Finally, this meta-analysis produced no evidence on what is certainly one of the most important questions of all about CBI: Is it cost effective? An early analysis by Levin, Destner, & Meister (1986) had suggested that the costs of CBI were too great given its record of effectiveness. Levin et. al. suggested that nontechnological innovations, such as tutoring, produced results that were just as good at a lower cost. Later reanalyses, such as those by Blackwell, Niemiec and Walberg (1986), have suggested that computer-based instruction is not only a cost effective alternative to traditional instruction but that it is far more cost effective than such non-technological innovations as tutoring.3

Fortunately, there are several large county systems, cities and think tanks such as Research for Better Schools which have invested in meaningful program evaluations with considerable reliability and validity.

III. Examples of Effective Research

A. Writing to Read

One example of effective evaluation is the series of reports available from the New York City Public Schools evaluating the IBM Writing to Read program over several years. These particular studies establish control groups, honor sound design standards and report findings in a comprehensive fashion. A district considering purchase and implementation of this program could learn a great deal about what kinds of learner outcomes one could expect from the investment in contrast with more traditional strategies, but one must be careful to read beyond the abstract of such studies because the summaries often mask or fail to report important findings.

The abstract below fails to mention, for example, that the impact of WTR on writing performance compared with non WTR students was strongest at grade one but virtually disappeared at grade three, the hypothesis being that the regular grade one programs traditionally paid less attention to writing, while writing instruction was important in traditional grade three programs. This third grade finding suggests that the achievement gains at grade one associated with WTR may have been replicated by teaching writing more frequently in the traditional first grade classes. 4

Writing To Read 1988-89. Evaluation Section Report.

New York City Board of Education, Brooklyn, NY. Office of Research,

Evaluation, and Assessment. Apr 1990 67p.

The Writing to Read Program (WTR) objectives for 1988-89 included: to extend and support the implementation of the WTR program in New York City elementary schools; to promote the reading and writing achievement of kindergarten, first-, and second-grade students; and to introduce students in early childhood to computer technology. In 1988-89 the program served 87 schools in 22 community school districts. The methods used to evaluate the program included on-site interviews, lab and classroom observations, questionnaires distributed to all program participants and a selected group of parents, pre- and post-program writing samples, and reading achievement scores for the Metropolitan Achievement Test for both selected program participants and matching control groups. Overall reaction to the program was positive. Most participants believed that the program provided a good foundation in basic skills, helped to develop confident and mature writers, and that the computers and center setting were significant motivational devices. Some of the additional major findings included: (1) WTR program has little immediate impact, and no long-term impact on improving reading performance of participating students when compared with other reading programs; (2) students in the program made significant progress in their writing; (3) WTR students improved their writing skills to a greater degree than did similar students who did not participate in the program; and (4) monolingual students at the kindergarten level showed a statistically significant improvement in writing over bilingual kindergartners. (Eleven tables of data are included. One appendix includes the Writing Sample Scoring Scale.)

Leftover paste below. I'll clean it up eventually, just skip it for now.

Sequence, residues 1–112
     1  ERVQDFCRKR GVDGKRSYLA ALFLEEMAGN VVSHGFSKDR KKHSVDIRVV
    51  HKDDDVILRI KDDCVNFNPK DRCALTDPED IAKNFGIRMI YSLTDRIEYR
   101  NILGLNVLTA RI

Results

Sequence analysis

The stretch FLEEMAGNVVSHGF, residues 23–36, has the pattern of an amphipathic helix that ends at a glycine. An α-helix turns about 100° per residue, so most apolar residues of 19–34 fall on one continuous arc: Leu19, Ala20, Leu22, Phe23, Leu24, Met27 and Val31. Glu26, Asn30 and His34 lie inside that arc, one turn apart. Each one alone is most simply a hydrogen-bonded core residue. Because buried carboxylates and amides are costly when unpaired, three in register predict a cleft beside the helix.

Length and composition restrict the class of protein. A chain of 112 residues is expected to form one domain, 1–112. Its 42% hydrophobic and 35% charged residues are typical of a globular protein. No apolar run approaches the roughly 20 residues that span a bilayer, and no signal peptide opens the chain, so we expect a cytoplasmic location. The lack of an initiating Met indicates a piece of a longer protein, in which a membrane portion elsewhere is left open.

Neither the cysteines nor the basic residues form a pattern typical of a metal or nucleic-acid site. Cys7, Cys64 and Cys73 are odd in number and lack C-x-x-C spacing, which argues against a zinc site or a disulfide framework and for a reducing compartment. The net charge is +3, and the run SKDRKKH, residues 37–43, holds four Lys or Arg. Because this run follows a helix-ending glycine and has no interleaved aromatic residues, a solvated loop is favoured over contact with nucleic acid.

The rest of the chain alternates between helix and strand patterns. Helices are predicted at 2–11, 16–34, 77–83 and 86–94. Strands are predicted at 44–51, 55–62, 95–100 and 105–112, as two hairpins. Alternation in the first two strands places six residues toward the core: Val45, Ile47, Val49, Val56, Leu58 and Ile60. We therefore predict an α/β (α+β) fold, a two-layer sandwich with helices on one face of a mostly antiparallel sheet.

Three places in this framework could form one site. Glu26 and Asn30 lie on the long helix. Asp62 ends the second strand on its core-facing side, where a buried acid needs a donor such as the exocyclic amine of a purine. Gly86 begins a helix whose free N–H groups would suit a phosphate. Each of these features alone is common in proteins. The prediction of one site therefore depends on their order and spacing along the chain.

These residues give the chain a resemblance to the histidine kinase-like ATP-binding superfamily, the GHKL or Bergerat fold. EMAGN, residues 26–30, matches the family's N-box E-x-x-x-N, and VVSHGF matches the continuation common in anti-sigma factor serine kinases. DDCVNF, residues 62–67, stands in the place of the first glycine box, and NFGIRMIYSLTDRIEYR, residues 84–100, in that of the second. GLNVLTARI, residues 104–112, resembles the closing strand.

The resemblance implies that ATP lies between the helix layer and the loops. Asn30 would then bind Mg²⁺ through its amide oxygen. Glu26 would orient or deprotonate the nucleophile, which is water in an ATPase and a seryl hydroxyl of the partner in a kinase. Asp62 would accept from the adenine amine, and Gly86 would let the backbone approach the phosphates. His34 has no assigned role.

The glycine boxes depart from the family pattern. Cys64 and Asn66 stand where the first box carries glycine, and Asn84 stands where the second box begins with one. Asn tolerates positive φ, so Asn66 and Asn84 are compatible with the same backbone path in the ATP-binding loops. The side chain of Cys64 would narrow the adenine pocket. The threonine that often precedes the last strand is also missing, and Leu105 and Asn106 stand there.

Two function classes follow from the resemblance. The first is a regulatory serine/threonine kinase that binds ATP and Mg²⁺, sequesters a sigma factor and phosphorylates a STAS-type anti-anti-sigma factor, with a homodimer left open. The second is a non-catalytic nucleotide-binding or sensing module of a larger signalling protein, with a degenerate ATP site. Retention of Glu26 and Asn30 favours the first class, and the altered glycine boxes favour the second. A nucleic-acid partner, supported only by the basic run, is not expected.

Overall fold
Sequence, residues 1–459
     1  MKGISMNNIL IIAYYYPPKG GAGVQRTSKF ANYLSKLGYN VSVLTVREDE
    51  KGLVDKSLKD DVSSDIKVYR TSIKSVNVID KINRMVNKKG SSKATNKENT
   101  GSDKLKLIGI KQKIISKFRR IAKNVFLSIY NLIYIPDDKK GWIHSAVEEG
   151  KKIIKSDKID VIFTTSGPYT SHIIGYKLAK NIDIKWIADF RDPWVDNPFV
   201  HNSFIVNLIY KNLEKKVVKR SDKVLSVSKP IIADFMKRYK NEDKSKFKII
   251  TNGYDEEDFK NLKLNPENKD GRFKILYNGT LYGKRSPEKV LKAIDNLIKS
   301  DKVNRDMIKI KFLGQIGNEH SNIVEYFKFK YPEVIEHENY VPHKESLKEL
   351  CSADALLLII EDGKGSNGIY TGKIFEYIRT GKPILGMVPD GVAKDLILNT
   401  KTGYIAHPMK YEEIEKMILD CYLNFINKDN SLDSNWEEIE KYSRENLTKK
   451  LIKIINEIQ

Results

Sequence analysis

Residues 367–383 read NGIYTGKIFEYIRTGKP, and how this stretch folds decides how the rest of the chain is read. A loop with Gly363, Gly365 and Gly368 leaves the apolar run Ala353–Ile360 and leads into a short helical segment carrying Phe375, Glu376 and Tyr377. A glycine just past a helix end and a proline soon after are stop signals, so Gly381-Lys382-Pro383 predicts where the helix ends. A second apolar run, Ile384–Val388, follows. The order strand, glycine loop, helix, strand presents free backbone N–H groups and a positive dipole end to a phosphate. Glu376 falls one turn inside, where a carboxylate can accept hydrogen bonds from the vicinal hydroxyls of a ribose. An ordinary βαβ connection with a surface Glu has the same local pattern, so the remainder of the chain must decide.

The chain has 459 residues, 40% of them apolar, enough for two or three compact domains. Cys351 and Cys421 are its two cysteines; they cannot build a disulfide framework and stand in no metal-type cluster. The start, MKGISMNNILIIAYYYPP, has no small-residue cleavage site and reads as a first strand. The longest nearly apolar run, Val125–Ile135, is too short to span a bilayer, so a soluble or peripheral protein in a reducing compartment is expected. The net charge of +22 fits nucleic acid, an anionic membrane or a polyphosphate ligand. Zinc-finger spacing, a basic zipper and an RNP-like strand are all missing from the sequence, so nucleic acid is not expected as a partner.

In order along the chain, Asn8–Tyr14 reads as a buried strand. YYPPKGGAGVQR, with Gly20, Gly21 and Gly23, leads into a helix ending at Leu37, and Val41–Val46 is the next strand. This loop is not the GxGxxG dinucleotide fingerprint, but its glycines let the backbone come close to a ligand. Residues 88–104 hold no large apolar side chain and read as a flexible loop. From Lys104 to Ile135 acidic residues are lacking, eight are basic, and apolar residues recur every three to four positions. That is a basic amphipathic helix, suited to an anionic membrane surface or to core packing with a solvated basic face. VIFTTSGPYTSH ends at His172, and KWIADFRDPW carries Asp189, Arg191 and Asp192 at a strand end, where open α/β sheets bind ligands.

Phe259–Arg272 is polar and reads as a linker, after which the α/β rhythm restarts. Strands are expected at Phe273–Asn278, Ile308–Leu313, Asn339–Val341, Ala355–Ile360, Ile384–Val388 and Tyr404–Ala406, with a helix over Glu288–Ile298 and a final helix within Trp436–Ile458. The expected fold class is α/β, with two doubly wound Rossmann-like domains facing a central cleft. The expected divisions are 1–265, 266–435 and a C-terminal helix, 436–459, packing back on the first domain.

B. Research for Better Schools Writing Evaluation - Delaware

Collaborating with the Delaware Department of Instruction, RBS (Research for Better Schools) researcher Francine Beyer tested the following three hypotheses regarding writing instruction combined with word processing at the middle grade level:

student writing skills would be improved through the use of computer-assisted instruction for the teaching of the writing process student enjoyment of writing would be improved through the use of computer-assisted instruction for the teaching of the writing process student enjoyment of computer-assisted instruction for writing would be improved through the use of computer-assisted instruction for the teaching of the writing process6

This study was conducted in 16 schools, thirteen of which provided reasonably comparable control groups. The researcher identified both process and outcome objectives of the project, noting that process objectives (how the program was delivered) must be met for findings regarding outcomes to be significant. This process data would also be used to adjust program implementation.